Among the Old Testament Historical Books, the book of Esther stands out for having no direct mention of God. Over the centuries, that has caused problems for many people. Some have even argued that Esther does not belong in the biblical canon (the collection of books inspired by the Holy Spirit).
Despite the misgivings of some, the people of God have heard His voice in the pages of Esther and have received it as divinely inspired and thus “profitable for teaching, for reproof, for correction, and for training in righteousness” (2 Tim. 3:16–17). And while there is no direct mention of the Lord in the book of Esther, there are indications that the author is well aware of God’s work in history. For instance, Mordecai speaks in Esther 4:14 of help arising for the Jews “from another place.” Clearly, he means that the Lord will save the Jews even if Queen Esther does not stand for them.
Still, why does the author of Esther make only oblique references to God’s work in the days of Mordecai and Esther? When we think about it, there is a sense in which God remains hidden in our own lives. Yes, we know that our Creator is always directing events and working through the ordinary circumstances of our lives (Eph. 1:11). Yet, in this post-Apostolic era, God does not usually announce His presence and actions in dramatic or direct ways. We have no living prophets today to tell us, “This is what the Lord is doing right now.” Most often, we discern His work in retrospect. We look back on the seeming coincidental events that so often steer us in new directions, the chain of causes and effects that make our lives turn out one way and not another, and we see that the only explanation for why things are the way they are is the invisible hand of God.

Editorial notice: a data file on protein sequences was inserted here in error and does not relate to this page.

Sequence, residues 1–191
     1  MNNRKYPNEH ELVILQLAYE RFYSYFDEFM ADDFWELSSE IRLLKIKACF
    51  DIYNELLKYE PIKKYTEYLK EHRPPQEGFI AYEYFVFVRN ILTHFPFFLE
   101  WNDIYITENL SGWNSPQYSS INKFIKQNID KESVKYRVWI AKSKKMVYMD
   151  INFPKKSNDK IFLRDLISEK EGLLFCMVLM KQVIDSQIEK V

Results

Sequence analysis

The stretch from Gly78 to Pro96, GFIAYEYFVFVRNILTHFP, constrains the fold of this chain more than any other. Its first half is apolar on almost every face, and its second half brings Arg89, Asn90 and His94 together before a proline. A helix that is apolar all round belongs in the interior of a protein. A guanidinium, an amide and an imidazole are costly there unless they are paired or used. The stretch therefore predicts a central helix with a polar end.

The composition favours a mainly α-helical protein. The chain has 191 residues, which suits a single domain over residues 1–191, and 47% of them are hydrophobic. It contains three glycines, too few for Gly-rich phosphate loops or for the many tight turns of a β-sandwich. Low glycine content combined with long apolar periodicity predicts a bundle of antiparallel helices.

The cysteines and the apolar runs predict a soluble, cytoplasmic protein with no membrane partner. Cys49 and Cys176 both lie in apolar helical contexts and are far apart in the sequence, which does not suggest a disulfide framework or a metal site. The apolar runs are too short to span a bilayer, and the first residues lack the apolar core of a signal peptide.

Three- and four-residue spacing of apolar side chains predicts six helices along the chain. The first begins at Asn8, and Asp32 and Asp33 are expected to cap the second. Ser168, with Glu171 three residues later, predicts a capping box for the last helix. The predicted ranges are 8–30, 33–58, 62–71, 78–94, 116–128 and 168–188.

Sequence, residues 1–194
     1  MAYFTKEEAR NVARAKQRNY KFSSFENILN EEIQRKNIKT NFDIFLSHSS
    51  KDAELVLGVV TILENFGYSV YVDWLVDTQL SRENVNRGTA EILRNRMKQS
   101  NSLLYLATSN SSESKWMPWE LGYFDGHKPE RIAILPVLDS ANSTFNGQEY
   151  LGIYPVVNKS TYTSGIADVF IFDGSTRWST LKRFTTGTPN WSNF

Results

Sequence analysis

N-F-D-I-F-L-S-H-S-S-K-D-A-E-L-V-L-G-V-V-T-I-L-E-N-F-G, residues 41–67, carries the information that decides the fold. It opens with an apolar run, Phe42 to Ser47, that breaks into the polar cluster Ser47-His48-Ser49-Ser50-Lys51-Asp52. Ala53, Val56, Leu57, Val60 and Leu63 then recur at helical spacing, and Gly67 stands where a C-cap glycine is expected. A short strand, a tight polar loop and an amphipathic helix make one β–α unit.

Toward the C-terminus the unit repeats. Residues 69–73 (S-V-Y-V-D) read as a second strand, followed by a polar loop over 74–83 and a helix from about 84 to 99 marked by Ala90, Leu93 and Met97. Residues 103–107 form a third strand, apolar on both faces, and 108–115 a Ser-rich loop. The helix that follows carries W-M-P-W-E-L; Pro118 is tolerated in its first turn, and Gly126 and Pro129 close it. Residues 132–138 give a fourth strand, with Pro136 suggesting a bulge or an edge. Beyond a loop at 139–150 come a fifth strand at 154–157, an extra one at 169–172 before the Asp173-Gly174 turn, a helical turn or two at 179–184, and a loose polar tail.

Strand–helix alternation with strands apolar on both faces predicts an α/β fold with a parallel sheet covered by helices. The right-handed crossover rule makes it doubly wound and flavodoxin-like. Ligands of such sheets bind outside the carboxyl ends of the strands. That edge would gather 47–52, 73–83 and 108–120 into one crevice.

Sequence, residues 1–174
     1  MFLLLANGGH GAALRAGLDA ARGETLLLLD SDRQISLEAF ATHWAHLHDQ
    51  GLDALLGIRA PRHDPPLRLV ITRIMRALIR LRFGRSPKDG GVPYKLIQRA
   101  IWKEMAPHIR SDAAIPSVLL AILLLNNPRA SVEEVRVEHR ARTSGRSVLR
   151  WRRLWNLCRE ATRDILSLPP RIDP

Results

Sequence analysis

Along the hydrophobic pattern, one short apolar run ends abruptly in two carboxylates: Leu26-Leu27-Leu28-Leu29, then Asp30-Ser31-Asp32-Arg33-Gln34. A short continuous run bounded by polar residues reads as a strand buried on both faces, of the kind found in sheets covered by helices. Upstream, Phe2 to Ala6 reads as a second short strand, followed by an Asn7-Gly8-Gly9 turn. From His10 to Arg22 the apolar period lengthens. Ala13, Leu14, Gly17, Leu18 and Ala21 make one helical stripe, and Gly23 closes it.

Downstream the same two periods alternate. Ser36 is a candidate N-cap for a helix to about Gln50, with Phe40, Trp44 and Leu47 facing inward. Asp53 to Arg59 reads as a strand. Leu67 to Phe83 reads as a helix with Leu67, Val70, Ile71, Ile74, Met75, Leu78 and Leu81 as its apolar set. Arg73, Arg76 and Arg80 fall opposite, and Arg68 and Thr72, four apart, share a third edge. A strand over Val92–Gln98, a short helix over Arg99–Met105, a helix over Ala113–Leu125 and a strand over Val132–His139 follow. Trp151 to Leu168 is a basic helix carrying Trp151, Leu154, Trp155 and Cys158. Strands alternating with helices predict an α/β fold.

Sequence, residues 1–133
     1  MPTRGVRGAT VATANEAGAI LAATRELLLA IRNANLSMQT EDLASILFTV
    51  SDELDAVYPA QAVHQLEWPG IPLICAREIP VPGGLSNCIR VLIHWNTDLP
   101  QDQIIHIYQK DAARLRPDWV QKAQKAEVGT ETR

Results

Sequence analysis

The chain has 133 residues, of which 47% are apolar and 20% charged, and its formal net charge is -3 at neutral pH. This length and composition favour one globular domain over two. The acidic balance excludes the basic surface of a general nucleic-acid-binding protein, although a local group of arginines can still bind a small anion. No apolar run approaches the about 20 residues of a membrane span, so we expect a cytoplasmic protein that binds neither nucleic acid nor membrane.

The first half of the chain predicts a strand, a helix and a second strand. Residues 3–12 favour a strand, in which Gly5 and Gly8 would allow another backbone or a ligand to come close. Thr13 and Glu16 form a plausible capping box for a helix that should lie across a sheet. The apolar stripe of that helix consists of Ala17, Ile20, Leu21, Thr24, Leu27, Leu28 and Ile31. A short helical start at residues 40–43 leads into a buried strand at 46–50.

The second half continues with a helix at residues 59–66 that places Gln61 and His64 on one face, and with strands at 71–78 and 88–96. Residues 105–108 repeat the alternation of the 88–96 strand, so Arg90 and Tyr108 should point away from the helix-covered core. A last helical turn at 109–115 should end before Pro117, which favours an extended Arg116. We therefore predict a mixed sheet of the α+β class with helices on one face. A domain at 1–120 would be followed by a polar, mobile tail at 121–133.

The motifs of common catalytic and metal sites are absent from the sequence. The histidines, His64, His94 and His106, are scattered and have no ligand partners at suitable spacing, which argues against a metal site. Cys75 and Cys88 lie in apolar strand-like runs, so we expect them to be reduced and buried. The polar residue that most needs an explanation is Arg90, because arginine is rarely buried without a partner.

Such coincidences—and we know that under God’s sovereignty there is no such thing as a true coincidence—are found throughout the book of Esther. Mordecai just “happened” to hear a plot against King Ahasuerus (Est. 2:19–23). His intervention was forgotten until, for “some reason,” Ahasuerus needed to cure his insomnia and was reminded of how Mordecai had saved him. This made the king favorably disposed to the Jews, and then Haman—the enemy of the Jews—“coincidentally” showed up at the right time to be forced to praise the one he hated (6:1–11). Such events cannot be chance instances of fortune in the sovereign God’s universe. He was behind them all, directing things with His invisible hand of providence.